President-elect Donald Trump

The UN climate talks seemed to grind to slow motion this week with the much-hyped, much-anticipated arrival of U.S. Secretary of State John Kerry.

Kerry arrived late for his scheduled talk, striding in with that celebrity dignitary air, surrounded by a posse of private security guards and long-lens photographers. An inexplicable apocalyptic plume of black smoke rose from the Marrakechi cityscape behind him.

Alberta’s Carbon Tax Doesn’t Equal ‘Social Licence’ for New Pipelines, Critics Say

Implement an economy-wide carbon tax, attain “social licence,” score a federal approval for the Kinder Morgan Trans Mountain pipeline.

That’s been the advertised logic of the Alberta NDP since the introduction of its Climate Leadership Plan a year ago. Nearly every mention of carbon pricing and associated policies — a 100 megatonne oilsands cap, coal-fired power phase-out and methane reduction target — has been accompanied by a commitment to “improve opportunities to get our traditional energy products to new markets.”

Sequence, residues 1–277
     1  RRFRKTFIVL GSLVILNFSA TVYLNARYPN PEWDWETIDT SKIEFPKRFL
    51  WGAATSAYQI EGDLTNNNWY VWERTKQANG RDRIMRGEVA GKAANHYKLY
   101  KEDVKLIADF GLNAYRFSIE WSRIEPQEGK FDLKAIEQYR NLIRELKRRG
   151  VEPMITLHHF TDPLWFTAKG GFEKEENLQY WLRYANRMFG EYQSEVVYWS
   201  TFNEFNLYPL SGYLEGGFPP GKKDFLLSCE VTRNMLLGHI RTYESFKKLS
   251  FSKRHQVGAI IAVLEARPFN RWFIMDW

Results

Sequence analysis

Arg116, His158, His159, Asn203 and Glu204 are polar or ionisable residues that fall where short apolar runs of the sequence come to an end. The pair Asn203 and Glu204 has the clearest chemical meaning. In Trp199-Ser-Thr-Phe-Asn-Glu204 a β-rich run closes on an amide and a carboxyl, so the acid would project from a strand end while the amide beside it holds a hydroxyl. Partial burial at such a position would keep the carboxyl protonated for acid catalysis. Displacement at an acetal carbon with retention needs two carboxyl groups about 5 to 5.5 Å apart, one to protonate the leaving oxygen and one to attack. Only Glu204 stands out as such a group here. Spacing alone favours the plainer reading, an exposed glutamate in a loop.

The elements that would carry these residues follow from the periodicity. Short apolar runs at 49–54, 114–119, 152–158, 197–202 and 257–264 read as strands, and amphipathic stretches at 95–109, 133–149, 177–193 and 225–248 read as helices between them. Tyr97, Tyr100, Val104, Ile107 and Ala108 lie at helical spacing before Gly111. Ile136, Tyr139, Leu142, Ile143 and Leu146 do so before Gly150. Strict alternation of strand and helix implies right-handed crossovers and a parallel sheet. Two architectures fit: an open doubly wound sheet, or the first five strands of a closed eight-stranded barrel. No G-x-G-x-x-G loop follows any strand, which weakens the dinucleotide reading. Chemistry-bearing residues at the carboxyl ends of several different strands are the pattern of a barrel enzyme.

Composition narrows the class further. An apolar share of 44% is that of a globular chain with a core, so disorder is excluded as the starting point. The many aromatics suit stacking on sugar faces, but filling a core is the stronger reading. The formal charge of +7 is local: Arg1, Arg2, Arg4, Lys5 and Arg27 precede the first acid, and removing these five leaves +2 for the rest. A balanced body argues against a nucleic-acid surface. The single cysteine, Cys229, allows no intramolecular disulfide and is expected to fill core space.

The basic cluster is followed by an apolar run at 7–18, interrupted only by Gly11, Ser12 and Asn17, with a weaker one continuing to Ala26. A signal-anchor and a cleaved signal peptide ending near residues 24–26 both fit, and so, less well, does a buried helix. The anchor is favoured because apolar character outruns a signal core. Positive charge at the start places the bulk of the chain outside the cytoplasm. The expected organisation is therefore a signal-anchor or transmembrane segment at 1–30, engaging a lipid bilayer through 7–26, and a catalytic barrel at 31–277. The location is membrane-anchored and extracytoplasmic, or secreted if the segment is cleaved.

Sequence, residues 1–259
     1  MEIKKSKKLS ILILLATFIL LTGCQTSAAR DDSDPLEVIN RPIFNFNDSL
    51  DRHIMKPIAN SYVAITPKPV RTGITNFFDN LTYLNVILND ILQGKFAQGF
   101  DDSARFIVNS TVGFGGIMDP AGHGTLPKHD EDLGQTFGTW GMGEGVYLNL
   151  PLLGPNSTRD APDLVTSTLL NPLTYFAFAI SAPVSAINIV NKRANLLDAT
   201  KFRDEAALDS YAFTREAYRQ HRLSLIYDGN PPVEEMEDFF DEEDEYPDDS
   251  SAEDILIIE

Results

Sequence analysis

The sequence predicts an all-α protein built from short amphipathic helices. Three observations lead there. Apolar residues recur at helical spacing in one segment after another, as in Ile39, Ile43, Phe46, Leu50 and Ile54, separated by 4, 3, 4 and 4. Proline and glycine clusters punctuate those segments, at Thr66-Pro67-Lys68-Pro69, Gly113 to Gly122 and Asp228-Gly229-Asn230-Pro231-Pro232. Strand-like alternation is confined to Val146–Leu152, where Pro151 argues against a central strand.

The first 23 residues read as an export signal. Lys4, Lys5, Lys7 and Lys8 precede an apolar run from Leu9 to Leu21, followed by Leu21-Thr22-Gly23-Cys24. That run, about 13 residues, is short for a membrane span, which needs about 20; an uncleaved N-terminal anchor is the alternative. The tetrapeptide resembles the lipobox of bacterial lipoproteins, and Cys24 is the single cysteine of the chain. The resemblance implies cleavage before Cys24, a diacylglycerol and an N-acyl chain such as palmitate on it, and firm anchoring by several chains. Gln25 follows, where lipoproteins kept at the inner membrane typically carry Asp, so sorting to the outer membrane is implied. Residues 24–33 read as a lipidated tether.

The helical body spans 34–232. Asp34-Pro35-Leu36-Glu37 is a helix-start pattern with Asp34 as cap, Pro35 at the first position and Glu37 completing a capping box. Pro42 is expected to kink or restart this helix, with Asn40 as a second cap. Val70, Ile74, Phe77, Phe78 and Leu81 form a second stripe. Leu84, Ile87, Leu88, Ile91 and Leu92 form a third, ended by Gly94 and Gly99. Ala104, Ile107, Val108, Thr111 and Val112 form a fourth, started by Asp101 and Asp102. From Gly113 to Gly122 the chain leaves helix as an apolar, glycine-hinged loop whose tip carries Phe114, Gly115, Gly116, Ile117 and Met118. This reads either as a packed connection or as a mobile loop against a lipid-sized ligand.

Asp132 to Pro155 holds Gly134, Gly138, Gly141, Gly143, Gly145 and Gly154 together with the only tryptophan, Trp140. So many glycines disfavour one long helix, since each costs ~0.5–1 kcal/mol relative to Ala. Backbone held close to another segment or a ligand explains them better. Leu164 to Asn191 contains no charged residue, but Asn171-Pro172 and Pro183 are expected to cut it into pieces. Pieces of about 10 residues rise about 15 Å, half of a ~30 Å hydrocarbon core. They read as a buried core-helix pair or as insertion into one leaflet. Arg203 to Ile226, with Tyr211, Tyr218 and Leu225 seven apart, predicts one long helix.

Such a sentiment was reinforced with Premier Rachel Notley’s retort on Oct. 3 to the announcement of federally mandated carbon pricing: “Alberta will not be supporting this proposal absent serious concurrent progress on energy infrastructure.”

But for some, Tweet: #Alberta NDP’s rhetoric represents a fundamental misunderstanding of #sociallicence http://bit.ly/2fzLs7Y #ableg #bcpoli #cdnpolithe Alberta NDP’s rhetoric represents a fundamental misunderstanding of the point of social licence, with the government assuming that moderate emissions reduction policies allows it to ignore serious concerns about Indigenous rights and international climate commitments.

Why Trudeau’s Commitment to Harper’s Old Emissions Target Might Not Be Such Bad News After All

Catherine McKenna

On Sunday, Environment Minister Catherine McKenna announced that the federal government will stick with the previous government’s target for reducing greenhouse gas emissions.

The news, delivered via an interview with CTV’s Evan Solomon, attracted a significant amount of criticism.

Green Party Leader Elizabeth May described it as “nothing short of a disaster for the climate” and Press Progress suggested the news undermined election commitments and later statements by the Liberals.